Bloodsucking corporate vampires:
I noted somewhere else that it seems a successful company like EA eventually attracts a certain kind of individual. These people are not interested in the actual product the company produces, they are interested in bathing in the cash flow and drinking deeply. They don't care about their fellow humans, instead they think of business as 'The Law of the Jungle' and 'Dog Eat Dog'. See, its natural! This jackass philosophy completely ignores the synergy of cooperative effort, as well as the rewards life offers beyond money. Quantifiable Tangibles like Happiness and Health are known to us all, but cannot figure into the Spreadsheet Logic of these people and is therefore denied existance. There is something inherent in our business models thats allows these parasites to infest the corporate body and suck on it till the soul is gone. Blood still pumps, but to no known purpose. Merely existing is the goal.
At a certain point the company philosophy seems to shift from 'making good products will ensure fiscal health' to 'lets make sure we are making as much money as possible'. I think this happens when a company goes public. The new owners usually dont care at all about what the company is creating. They only care about how much return they are getting on their invested dollar. This seems to be a law of business nature, so maybe it will enter into common knowledge in the high tech industry. The CEO's that found startups certainly seem to understand it, the rest of us need to catch a clue.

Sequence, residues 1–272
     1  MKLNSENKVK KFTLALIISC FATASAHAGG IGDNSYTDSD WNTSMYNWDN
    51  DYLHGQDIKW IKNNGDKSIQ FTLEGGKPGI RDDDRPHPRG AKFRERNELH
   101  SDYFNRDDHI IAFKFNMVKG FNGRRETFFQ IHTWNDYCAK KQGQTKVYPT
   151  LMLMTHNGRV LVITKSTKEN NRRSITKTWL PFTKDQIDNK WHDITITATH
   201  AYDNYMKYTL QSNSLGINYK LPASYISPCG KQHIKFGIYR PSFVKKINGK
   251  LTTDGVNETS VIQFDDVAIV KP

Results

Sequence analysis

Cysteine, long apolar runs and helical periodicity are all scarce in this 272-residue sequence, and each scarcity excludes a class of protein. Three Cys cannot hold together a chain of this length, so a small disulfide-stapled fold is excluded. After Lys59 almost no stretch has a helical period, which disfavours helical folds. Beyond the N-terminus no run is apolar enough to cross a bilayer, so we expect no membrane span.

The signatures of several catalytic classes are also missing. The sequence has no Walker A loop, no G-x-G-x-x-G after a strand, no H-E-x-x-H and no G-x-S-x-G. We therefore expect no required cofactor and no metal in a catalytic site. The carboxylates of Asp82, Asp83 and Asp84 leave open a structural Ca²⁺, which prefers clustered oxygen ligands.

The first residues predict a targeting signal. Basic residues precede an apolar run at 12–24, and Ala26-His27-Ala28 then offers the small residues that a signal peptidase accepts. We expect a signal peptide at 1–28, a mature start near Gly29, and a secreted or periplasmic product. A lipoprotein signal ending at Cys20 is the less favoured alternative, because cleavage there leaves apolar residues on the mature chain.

Good and Bad Management
I have a parable I made up about management. Since you asked so nicely, here it is:
Your boss hands you a plastic shovel and bucket. He tells you to go to the seashore and build a sand castle. Supposing you are close to the shore and there is sand there, whether you fail or succeed is your own responsibility. You have been given what you need to do the task.
Now, if the boss tell you to go and build a wall that will hold back the tide, you are guaranteed to fail. THIS is a management failure, not an employee failure.
When you are given a task (or if you are giving a task) you need to ask if the goal is a sand castle or a unbuildable barrier to a force of nature. Do not feel guilty if you fail at the latter.